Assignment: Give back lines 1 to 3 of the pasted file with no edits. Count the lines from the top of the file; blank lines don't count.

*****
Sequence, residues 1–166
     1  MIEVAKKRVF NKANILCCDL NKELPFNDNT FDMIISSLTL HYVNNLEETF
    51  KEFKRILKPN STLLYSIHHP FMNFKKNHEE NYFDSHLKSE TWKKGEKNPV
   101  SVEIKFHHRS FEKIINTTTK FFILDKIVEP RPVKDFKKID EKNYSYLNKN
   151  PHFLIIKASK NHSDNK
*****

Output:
Sequence, residues 1–166
     1  MIEVAKKRVF NKANILCCDL NKELPFNDNT FDMIISSLTL HYVNNLEETF
    51  KEFKRILKPN STLLYSIHHP FMNFKKNHEE NYFDSHLKSE TWKKGEKNPV